This section of the Sugar Pine Railroad Grade continues on where the Confidence to Lyons section leaves off. The distance from Lyons to Fraser Flat is 9.5 miles one way and as with most railroad grades is relatively flat with the exception of a few sections. Much of the grade follows the South Fork Stanislaus River which adds to the beauty of this hike/bike ride. The trail is open to hikers, bikers and horseback riders year round but the Lyons Day Use Area closes seasonally from November to May (click here for area status) so you will need to park at the top of Lyons Reservoir Rd and begin your journey from there. This will add another two miles each way and just over 700 feet in elevation change. The entire round-trip from Lyons Reservoir to Fraser Flat Rd is better suited for mountain bikers since covering 19 miles in a single day on foot is no small feat.
This trail is particularly nice in the warmer months since much of the trail is shaded and if you get too hot a quick dip in the river can quickly stop any potential over-heating. The cooler months are also a nice time but the trail gets rather muddy after some decent rains so plan to get your boots dirty if you come during this time.
If you venture out far enough you likely will not encounter anyone else on the trail except for the occasional OHV (off highway vehicle) or dispersed camper since most of the trail occupies the Stanislaus National Forest. There are numerous places along the grade to stop, explore, and maybe have some lunch on the Stanislaus riverbank. I find that this is usually more enjoyable than trying to trek the entire 9.5 mile journey and back in one day.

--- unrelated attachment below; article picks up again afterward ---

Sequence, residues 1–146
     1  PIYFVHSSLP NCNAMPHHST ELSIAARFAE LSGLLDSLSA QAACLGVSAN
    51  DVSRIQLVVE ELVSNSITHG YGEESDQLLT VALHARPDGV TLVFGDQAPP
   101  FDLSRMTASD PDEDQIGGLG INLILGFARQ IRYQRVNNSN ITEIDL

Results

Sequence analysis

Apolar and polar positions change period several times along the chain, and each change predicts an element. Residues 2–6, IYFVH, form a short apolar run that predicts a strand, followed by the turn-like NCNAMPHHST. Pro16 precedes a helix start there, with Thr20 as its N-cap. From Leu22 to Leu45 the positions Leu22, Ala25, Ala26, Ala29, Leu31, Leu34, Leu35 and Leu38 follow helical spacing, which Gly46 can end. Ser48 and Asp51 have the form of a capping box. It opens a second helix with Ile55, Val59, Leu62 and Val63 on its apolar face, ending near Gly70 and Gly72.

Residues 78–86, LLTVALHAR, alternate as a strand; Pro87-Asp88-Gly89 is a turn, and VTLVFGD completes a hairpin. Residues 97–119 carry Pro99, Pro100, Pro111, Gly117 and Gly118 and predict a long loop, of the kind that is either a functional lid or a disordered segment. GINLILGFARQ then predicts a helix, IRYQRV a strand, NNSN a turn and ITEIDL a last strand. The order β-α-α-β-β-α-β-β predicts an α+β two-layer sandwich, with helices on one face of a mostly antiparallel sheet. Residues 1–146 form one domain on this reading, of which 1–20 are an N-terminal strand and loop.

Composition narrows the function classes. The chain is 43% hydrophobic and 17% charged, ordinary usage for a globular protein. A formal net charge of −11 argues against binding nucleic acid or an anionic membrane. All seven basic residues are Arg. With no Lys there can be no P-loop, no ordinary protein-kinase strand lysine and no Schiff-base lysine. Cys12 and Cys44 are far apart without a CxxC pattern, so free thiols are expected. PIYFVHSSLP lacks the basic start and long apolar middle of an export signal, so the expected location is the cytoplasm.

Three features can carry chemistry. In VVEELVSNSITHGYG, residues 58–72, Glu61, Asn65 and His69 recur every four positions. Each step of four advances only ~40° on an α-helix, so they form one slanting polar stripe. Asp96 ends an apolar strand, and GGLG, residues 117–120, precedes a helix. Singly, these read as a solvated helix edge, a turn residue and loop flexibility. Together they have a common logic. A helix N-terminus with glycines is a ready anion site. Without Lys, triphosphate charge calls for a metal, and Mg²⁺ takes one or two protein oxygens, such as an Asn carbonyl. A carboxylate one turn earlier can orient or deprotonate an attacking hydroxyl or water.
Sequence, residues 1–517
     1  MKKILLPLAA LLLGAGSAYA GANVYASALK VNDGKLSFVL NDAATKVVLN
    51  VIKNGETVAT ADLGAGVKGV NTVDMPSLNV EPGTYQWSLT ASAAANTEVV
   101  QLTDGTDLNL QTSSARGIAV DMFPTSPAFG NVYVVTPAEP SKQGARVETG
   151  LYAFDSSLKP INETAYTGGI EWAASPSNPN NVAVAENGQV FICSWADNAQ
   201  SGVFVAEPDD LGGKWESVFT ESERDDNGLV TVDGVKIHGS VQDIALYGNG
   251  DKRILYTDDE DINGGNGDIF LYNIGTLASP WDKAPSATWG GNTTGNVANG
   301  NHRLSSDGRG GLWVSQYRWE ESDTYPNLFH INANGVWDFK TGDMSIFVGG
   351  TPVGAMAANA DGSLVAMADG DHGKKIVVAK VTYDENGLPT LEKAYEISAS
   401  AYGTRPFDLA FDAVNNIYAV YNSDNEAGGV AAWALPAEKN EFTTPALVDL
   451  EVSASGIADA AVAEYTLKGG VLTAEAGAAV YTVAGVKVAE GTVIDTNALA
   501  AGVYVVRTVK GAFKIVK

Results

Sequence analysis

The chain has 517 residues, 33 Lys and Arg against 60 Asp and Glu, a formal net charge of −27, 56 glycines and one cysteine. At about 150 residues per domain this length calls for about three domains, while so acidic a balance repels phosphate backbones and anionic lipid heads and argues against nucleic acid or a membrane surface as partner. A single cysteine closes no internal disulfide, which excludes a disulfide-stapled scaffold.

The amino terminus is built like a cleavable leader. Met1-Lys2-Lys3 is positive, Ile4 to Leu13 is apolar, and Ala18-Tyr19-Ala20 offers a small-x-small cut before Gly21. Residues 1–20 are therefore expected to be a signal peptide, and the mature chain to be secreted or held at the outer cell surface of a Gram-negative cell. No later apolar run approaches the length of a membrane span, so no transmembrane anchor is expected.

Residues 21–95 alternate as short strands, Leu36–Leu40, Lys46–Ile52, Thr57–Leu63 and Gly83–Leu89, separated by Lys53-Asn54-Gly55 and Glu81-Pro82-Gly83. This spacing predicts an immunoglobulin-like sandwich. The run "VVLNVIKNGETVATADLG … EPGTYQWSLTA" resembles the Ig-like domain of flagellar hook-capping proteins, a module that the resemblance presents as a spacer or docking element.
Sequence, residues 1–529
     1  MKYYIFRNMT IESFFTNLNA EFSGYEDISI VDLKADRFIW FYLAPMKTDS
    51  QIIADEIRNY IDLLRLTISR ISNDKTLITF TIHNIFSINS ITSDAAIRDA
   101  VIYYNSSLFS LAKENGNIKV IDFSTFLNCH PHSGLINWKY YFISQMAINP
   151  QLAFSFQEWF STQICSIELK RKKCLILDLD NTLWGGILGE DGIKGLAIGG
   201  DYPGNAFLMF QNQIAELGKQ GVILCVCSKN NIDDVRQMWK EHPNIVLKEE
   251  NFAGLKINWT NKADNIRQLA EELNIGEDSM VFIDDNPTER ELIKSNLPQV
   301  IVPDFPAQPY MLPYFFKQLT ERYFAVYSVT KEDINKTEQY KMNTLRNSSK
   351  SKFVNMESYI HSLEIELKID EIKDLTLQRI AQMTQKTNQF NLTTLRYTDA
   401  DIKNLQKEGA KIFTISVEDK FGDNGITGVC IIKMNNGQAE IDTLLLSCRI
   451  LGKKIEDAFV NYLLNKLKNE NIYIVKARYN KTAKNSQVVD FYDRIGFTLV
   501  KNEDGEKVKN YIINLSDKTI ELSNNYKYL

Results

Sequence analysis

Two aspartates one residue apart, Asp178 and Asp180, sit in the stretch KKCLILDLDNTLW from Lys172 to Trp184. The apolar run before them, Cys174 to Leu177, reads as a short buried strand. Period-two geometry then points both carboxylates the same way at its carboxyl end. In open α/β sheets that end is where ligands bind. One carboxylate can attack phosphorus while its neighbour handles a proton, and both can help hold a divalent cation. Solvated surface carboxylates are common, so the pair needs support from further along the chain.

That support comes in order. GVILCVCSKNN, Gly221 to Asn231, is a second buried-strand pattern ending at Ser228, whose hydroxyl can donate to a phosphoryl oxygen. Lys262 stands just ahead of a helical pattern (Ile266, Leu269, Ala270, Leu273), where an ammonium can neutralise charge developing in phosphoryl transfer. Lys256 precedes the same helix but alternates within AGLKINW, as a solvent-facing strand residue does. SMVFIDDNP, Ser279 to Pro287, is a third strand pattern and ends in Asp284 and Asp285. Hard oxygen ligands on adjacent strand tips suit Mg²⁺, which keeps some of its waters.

This section of the Sugar Pine Railroad Grade is also nice for exploring in your truck or SUV, especially if you’re camping at the Fraser Flat Campground. The only direct access by motor vehicle is at the east end (Fraser Flat). The opposite end, Lyons Reservoir, is not accessible by motor vehicle. There are other access points off of hwy 108 but that is beyond the scope of this article. If you decide to explore by vehicle I recommend getting a Stanislaus National Forest map so you don’t get lost.